- You can also do other stuff like full multi unit multitexturing, but it's probably the most difficult if you ask me and does somewhat restrict currently available target hardware.
- Texture each geometric tile with a straight-up texture. I think X-Plane does it this way and it looks really good.

My approach, which has worked well for me, is to use four texture units. I have a primary and secondary ( like grass & rock ), a detail texture, and a colormap/mixmap in the fourth unit. The colormap modulates color and allows me to supply a shadow map, and the alpha channel is used to mix between primary and secondary textures. Works great for me. For machines without enough texture units, I drop the secondary texture and use per-vertex color assignment for the colormap. This way I still get shadows and a detail texture.

The colormap/mixmap is calculated dynamically when the terrain is generated.
Quote this message in a reply
Member
Posts: 36
Joined: 2004.10
Post: #23
Hey guys thanks for the reply,

Nick ill try that today, that might be my problem.
tommorowplusX, thats a good idead, ill do that if the one im doing right now doesnt work.

thanks
Quote this message in a reply
Member
Posts: 320
Joined: 2003.06
Post: #24
I've said this before on a similar thread..... Why use height maps? I went down that path and it's not easy. You'll have to make the terrain engine dynamically change the level of detail based on the distance from the camera.... you won't be able to easily add higher detail areas where it's needed..... It's harder to create a world with a height map than it is with a 3D modeling app.... You'll have more control over textures and shaders and what areas they cover if you use 3D models.... You have to write and maintain a separate loading engine for the terrain and any other 3D models.... You will find it difficult to integrate height maps into existing physics libraries..... Have I said enough?

None of the above is easy... and I mean it's pretty damn difficult. You would be better off writing an engine that loads 3D models and writing a tool that turns height maps into 3D models, if that's what you're aiming for. What are you aiming for?

Chopper, iSight Screensavers, DuckDuckDuck: http://majicjungle.com
Quote this message in a reply
Sage
Posts: 1,199
Joined: 2004.10
Post: #25
reubert Wrote:I've said this before on a similar thread..... Why use height maps? I went down that path and it's not easy. You'll have to make the terrain engine dynamically change the level of detail based on the distance from the camera.... you won't be able to easily add higher detail areas where it's needed..... It's harder to create a world with a height map than it is with a 3D modeling app.... You'll have more control over textures and shaders and what areas they cover if you use 3D models.... You have to write and maintain a separate loading engine for the terrain and any other 3D models.... You will find it difficult to integrate height maps into existing physics libraries..... Have I said enough?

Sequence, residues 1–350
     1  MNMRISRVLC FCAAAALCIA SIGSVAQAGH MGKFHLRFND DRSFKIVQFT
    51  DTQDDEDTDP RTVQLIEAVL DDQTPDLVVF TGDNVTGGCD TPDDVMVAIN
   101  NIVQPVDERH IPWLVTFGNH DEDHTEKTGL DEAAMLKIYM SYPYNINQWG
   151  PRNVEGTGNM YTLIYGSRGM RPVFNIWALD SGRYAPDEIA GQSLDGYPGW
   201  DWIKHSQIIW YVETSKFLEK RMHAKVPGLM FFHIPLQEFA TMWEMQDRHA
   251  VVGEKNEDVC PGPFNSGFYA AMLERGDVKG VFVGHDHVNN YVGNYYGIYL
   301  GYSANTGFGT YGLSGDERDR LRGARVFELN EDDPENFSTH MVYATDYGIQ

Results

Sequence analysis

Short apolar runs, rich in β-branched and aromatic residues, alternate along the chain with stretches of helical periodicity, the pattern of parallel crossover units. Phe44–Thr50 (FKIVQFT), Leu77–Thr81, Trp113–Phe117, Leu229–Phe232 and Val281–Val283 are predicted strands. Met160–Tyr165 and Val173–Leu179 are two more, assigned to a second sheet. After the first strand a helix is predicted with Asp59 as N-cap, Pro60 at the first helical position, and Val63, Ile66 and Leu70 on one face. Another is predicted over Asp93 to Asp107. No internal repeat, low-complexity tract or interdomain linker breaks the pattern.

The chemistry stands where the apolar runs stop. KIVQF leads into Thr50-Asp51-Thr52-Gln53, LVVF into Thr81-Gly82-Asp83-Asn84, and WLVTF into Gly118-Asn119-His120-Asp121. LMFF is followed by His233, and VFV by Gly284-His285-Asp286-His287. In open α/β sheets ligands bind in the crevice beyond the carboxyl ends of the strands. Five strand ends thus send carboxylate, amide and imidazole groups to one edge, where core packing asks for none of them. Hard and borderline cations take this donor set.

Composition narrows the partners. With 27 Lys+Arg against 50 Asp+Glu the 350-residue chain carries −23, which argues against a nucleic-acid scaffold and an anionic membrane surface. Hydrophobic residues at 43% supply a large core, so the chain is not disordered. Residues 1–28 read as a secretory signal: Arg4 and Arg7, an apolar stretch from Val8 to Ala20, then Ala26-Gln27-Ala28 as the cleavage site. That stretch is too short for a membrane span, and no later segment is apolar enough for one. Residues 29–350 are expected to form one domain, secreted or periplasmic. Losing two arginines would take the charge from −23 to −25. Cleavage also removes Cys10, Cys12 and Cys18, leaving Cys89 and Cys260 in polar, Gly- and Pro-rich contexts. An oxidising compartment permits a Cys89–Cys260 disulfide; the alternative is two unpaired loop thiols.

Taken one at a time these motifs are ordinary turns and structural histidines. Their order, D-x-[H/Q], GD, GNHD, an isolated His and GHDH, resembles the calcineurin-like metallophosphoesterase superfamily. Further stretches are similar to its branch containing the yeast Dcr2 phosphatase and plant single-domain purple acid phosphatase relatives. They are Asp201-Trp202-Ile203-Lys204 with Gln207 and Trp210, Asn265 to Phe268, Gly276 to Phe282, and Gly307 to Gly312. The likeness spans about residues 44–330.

None of the above is easy... and I mean it's pretty damn difficult. You would be better off writing an engine that loads 3D models and writing a tool that turns height maps into 3D models, if that's what you're aiming for. What are you aiming for?

While I agree that modeling apps give you more control, I don't see where heightmaps make for *physics* problems. I'm using ODE, and have had zero troubles with collision detection or physics using a heightmapped terrain. I just create a Trimesh geom and it works...
Quote this message in a reply
Member
Posts: 36
Joined: 2004.10
Post: #26
Well im trying to make my terrain with the height maps because i have an OBJ loader right now that loads my models. and with that i will load my houses, trees, ect. SO the height map is just for terrain, and if i would have used a 3d model engiene say an OBJ one and loaded my terrain in, it would be reallly slow, because i would have to have lots of polygons, an with heigh tmaps i get a good FPS on my game. SO if you can tell me a way to not make it slow then i might use models, but i am not a good artist so heigh tmaps are easier for me, but if you guys find a way for me that it would not be really slow, then sure i will use 3d models.

thanks
Quote this message in a reply
Post Reply 

Possibly Related Threads...
Thread: Author Replies: Views: Last Post
  Finding the height of a point on a given list of vertexes? mikey 10 5,318 Jan 4, 2010 05:36 AM
Last Post: mikey
  Texturing height map problems nahid 6 4,263 Oct 14, 2005 10:24 PM
Last Post: hangt5
  Trouble Calculating Height Field Normals Nick 15 6,202 Jul 21, 2005 07:27 AM
Last Post: Nick